BEACH VOLLEYBALL : Dodd, Whitmarsh Win at Seal Beach
Mike Dodd’s soft, arcing dink shot seemed to hang in midair, waiting for Kent Steffes to slide under and put it back into play to keep his team’s championship hopes alive.
With every step toward the ball, however, Steffes seemed to go nowhere.
After what seemed like forever, the ball came to rest in the sand, giving Dodd and partner Mike Whitmarsh a come-from-behind 15-14 victory in overtime at the final of the Miller Lite Open beach volleyball tournament Sunday.
“This is the best Open I’ve ever played in,” Dodd said after defending the title. “It doesn’t get any more exciting than that.”
Dodd is no stranger to the victory stand. In 14 years playing professionally, he has won 63 times, including five times here.
What made the victory so incredible was how he and Whitmarsh overcame deficits of 11-6 and 14-12 to stage a comeback that came down to the final seconds on the rally clock.
Steffes and partner Karch Kiraly reached game point after Dodd and Whitmarsh seemed to expend the last of their energy chasing down a pair of wayward shots.
Dodd dived toward the back edge of the stands to run down a loose ball, lifted it back over his head, where Whitmarsh had to maneuver around the referee stand and a ball shagger in a hopeless effort to keep the rally alive.
After a timeout during which Whitmarsh never left his landing site under the referee stand, he was able to gather himself and stuff an errant pass from Steffes to cut the lead to 14-13.
That was quite a feat, but after trading sideouts, only 4 1/2 seconds remained on the rally clock, which meant Dodd and Whitmarsh had to score on their next serve or time would expire.
Dodd lifted his serve to Kiraly, who got the set back and pounded it off Whitmarsh’s block only to see Dodd get it back to Whitmarsh, who made an off-balance spike over the middle.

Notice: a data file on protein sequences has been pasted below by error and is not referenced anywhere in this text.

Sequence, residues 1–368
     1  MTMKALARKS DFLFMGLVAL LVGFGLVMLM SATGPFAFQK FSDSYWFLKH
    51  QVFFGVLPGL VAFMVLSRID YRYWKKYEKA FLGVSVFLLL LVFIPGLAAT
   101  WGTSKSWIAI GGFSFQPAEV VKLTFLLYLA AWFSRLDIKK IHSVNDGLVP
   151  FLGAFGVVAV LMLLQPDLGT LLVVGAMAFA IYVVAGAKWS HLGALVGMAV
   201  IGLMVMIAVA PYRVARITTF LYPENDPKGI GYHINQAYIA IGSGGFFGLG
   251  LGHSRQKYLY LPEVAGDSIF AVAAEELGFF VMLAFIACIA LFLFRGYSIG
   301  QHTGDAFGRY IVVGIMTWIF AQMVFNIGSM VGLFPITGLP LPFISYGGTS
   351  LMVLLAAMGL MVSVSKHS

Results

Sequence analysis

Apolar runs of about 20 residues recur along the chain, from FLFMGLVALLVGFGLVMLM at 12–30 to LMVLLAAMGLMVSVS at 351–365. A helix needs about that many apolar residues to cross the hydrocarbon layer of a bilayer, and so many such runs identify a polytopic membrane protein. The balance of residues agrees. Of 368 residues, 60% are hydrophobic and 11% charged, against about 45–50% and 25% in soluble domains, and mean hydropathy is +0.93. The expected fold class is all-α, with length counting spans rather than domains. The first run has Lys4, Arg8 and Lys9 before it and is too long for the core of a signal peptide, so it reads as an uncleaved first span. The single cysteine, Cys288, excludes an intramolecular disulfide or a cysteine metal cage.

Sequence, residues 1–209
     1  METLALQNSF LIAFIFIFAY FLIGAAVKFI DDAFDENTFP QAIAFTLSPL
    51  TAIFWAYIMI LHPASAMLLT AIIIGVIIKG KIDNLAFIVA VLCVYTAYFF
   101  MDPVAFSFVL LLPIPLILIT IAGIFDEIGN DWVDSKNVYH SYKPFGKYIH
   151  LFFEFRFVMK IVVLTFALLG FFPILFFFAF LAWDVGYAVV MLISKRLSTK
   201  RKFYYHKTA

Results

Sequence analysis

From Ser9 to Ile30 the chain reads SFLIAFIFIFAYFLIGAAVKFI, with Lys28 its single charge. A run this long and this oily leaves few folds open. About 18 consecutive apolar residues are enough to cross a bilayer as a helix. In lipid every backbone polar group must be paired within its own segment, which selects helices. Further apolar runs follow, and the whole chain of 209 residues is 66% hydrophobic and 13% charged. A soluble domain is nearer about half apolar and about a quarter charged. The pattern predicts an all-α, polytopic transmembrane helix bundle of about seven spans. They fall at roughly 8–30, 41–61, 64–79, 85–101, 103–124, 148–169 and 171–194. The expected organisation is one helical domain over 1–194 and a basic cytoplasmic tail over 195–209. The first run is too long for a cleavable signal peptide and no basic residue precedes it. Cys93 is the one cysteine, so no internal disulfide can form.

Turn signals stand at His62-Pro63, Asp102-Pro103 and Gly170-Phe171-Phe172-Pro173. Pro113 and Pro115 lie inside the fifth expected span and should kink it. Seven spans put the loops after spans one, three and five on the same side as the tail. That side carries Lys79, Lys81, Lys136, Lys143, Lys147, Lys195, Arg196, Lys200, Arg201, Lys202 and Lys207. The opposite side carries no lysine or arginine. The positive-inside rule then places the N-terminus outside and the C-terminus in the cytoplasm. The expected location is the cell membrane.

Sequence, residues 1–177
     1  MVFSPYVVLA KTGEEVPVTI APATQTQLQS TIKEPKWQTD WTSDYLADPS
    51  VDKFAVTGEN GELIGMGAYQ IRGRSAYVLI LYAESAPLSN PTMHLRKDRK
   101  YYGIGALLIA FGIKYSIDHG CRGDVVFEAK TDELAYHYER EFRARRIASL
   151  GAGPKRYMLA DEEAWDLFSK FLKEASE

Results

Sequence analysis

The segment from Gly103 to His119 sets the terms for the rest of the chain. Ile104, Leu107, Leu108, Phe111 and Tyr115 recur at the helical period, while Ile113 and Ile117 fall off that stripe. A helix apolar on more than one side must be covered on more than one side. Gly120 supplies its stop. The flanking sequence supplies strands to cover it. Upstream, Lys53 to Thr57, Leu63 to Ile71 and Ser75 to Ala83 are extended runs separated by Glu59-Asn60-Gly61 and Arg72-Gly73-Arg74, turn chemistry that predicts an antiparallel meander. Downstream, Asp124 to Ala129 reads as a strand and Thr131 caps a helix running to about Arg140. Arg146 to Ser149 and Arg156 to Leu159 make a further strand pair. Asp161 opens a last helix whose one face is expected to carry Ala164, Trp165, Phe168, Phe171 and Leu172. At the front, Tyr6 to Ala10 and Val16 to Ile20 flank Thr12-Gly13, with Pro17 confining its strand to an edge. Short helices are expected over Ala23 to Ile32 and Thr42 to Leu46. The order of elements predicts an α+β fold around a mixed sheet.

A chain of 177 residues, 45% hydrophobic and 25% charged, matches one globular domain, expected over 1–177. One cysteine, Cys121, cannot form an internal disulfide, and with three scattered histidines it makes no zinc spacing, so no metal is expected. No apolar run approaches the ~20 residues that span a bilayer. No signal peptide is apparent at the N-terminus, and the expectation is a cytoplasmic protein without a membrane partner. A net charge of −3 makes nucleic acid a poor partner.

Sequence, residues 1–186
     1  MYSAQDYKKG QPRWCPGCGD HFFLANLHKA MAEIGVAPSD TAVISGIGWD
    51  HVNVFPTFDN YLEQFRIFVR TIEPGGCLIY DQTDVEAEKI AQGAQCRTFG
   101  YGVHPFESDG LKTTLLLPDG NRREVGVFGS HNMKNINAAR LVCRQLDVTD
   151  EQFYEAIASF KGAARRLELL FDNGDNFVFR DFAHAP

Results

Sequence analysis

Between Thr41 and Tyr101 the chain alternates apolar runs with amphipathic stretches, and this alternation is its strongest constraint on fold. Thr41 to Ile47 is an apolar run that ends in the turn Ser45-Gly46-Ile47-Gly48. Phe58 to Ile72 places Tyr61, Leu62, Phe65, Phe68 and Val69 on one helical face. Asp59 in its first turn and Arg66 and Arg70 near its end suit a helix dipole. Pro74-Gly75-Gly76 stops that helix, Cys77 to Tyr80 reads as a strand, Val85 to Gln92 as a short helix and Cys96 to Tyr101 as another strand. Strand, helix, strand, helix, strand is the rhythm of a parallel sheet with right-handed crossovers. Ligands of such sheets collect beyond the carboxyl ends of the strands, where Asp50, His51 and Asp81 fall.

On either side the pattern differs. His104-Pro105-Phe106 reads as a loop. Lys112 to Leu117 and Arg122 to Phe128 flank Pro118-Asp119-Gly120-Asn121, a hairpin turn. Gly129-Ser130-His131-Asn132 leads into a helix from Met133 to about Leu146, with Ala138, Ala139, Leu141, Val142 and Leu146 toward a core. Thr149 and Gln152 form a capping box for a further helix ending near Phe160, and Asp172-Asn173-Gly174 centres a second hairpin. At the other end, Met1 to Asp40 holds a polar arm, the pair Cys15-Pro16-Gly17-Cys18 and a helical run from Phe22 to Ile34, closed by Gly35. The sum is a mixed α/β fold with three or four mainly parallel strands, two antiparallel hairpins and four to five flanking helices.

Kiraly ran down the shot and again was set up to put the game away, but his spike went directly at Dodd, who made the dig, got it back and put the ball right down center to tie the score.
“Nine out of 10 times, Karch hits that ball right off my nose,” Dodd said.
With the crowd on its feet, Dodd returned to the service line and again made Kiraly receive.
Kiraly tried to get his spike through the arms of the 6-foot-7 Whitmarsh, but Whitmarsh got enough of the ball to enable his partner to make the dig. Whitmarsh then gave Dodd the set and the 36-year-old dinked the ball just in front of Steffes for the winning point.
“I think Kent got stuck in the sand a little bit,” Dodd said.
The crowd went berserk. So did Dodd, who ran around slapping the hands of spectators and pumping his fists in the air.
Afterward, Kiraly looked back on the last plays of the match as the turning point.
“If we put away any of those two balls, especially the one with four seconds left, we win,” he said.
Dodd and Whitmarsh pointed to a pair of lift calls on sets as a big opportunity to crawl back.
“I think we were lucky they called a couple throws on Karch,” Dodd said. “Those two were critical.”
“I was having trouble keeping my hands dry,” Kiraly said. “I was using my bump set the whole tournament. I should have stuck with it.”
Whitmarsh said a change in strategy also helped his team because recently he has been having trouble blocking Steffes.
“I had success with Kent earlier in the year, but lately he has had my number,” he said.
Kiraly said he has noticed the new tactics by Dodd and Whitmarsh since returning from a kidney injury in late July.
“Since I’ve been back from my kidney injury, the five times we’ve played them, they’ve been serving me every time,” Kiraly said.
In the women’s final, Cammy Ciarelli and Holly McPeak came out of the losers’ bracket to defend their title with two straight victories over Brazilians Sandra Pires and Jackie Silva.
The first match was dominated by Ciarelli and McPeak, who shot to a 10-0 lead and won, 15-3.
The pair had to come back in the double final, which is only played to seven. Pires and Silva jumped to a 3-0 lead before Ciarelli and McPeak battled back for a 7-3 victory.